FIFA president Infantino has said he hopes it will be in place for the World Cup in November, while legendary former referee Pierluigi Collina, now FIFA’s head of refereeing, added he was “very confident” it would be a success.

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FIFA president Gianni Infantino has revealed semi-automated offsides could be used at the 2022 World Cup and added five substitutions have now been made permanent

What else should we know about?

There’s a few other things which have either been agreed on or brought forward – here’s a quick summary:

bench sizes

The maximum number of substitutes that can be named is being raised from 12 to 15. Only certain competitions, including major continental and international tournaments, have fully utilized that existing limit already.

The increase to a 26-man matchday squad will now raise the question of whether FIFA will in turn increase overall squad sizes to match for the upcoming World Cup in November, just as UEFA did for Euro 2020 last summer owing to Covid worries.

Kick-ins and stop clocks?

IFAB say both of these ideas were “discussed”, with the Dutch football association one of a number of bodies who had requested trials of kick-ins in particular.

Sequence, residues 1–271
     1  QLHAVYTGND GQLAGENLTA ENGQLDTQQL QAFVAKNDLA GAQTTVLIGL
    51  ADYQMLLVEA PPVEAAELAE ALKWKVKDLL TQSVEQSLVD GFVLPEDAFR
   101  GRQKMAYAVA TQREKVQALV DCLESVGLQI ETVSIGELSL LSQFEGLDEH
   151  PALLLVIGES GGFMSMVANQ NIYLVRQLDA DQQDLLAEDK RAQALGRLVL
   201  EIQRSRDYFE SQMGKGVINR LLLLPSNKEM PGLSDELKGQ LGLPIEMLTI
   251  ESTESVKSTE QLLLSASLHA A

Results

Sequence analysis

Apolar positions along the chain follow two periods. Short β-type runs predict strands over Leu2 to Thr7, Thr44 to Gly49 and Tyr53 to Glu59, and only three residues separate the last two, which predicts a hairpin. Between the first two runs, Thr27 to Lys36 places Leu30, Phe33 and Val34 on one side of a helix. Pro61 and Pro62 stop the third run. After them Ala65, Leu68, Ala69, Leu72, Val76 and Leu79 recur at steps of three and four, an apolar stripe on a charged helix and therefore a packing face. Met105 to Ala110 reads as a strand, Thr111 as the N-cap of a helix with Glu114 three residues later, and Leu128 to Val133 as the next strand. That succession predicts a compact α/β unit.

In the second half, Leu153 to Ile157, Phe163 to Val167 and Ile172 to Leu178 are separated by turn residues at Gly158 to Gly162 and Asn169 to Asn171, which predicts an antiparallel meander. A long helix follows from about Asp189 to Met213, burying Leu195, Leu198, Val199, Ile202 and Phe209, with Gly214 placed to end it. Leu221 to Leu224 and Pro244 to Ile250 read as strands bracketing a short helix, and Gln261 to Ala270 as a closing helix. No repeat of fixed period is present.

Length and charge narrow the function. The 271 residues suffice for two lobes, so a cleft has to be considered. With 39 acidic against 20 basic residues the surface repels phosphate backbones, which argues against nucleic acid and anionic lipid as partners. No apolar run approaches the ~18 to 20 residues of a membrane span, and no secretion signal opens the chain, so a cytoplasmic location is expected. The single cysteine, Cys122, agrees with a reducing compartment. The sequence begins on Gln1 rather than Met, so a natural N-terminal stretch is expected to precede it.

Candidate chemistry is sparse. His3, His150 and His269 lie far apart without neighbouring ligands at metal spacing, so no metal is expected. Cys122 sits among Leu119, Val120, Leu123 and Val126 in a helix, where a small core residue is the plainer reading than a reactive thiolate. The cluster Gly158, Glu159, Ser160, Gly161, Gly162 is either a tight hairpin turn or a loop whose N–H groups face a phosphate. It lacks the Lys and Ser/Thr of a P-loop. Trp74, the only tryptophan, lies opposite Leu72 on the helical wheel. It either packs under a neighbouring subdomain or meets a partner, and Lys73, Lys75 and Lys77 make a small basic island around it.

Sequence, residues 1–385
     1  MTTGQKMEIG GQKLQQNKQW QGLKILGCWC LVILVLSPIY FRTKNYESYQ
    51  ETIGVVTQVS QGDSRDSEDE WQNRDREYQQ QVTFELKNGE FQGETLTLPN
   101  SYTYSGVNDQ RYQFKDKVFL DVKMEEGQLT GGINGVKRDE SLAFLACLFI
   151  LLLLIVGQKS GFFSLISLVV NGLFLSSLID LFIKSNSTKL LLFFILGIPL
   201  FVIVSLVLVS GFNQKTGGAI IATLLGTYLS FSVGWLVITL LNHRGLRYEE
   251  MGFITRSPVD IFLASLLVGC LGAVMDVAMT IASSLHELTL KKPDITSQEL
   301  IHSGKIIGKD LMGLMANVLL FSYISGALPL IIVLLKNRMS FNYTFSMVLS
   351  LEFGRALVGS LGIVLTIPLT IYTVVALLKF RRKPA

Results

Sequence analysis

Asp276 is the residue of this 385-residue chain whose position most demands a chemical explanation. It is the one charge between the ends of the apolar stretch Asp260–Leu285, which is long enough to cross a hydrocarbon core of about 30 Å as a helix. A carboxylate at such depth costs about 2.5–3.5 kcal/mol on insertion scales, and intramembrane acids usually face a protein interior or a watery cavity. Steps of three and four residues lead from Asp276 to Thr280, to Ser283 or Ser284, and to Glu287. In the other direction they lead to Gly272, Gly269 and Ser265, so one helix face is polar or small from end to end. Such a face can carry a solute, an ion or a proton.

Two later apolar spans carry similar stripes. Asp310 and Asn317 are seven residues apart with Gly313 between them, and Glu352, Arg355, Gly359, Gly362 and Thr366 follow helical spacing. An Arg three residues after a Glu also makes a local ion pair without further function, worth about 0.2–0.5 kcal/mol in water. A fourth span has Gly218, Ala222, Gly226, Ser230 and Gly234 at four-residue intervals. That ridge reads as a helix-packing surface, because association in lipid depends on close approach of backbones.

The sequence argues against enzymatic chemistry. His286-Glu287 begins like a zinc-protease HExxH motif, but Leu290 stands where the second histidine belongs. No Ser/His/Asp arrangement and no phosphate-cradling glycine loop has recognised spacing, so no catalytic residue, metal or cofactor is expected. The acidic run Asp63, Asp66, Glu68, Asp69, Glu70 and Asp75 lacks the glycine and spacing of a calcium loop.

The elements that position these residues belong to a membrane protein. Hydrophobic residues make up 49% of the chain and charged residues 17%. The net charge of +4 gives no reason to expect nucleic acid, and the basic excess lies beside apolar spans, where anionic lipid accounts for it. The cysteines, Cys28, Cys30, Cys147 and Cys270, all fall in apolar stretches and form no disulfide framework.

Stop clocks would fall under what the body calls a ‘fairer calculation of playing time’, something Infantino has made clear he considers a priority, saying: “It is not acceptable that a game of 90 minutes actually only have the ball in play for 47 -48 minutes on average.

Trials of both have been given the green light by IFAB, but how they will be implemented, and where those trials will take place, is still in the discussion phase.

Ref-Cams?

After agreeing to a lack of respect towards referees was a growing issue among the refereeing community, IFAB has proposed what it calls “a number of initiatives” to address this.

The first to be publicly revealed is the possibility of trialling body-worn cameras on referees at grass-roots level, and IFAB told Sky Sports it has expert panels in place to bring forward further specific measures “in the coming weeks and months”.

Concussion substitutes

This has been on trial for a year now, with teams permitted to take players off when suffering from concussion aside from their normal three changes.

IFAB has now extended the trial to next summer, and has decided against the idea of ​​bringing in temporary substitutes to prioritize removing concussed players from the pitch – and has said it feels further education is needed on when a player should be taken off.

This has been criticized by Headway, the brain injury association. Deputy chief executive Luke Griggs told Sky SportsNews: “I’m struggling to understand what more [IFAB] are expecting to learn from extending the trial to 2023.

“It’s confusing and frustrating – Headway has been calling for temporary concussion substitutes and we were a signatory to a letter signed by some of the leading authorities in concussion, which has yet again been ignored.”